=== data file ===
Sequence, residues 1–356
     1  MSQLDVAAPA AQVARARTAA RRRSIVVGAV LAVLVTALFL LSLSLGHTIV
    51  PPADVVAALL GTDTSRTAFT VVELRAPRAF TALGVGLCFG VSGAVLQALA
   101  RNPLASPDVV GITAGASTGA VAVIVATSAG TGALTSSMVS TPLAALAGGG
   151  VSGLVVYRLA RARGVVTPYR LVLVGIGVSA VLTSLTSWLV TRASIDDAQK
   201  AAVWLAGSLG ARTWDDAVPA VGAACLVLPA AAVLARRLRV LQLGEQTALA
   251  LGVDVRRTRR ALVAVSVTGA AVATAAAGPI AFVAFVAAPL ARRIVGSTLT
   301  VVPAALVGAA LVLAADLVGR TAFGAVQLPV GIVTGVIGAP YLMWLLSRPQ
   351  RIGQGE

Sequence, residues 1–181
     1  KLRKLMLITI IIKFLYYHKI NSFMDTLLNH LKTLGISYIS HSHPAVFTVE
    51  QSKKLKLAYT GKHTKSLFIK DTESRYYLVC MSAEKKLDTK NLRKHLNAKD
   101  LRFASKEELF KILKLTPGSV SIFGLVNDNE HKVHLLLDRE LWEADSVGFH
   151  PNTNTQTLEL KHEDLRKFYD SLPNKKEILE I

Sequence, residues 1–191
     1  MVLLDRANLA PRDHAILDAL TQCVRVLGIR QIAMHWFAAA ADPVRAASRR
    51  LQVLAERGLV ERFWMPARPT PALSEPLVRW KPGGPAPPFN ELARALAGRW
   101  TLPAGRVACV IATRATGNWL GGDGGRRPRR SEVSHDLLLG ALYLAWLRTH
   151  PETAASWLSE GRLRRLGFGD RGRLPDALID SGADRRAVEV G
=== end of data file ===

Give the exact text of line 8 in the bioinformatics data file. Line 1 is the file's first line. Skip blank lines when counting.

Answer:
   301  VVPAALVGAA LVLAADLVGR TAFGAVQLPV GIVTGVIGAP YLMWLLSRPQ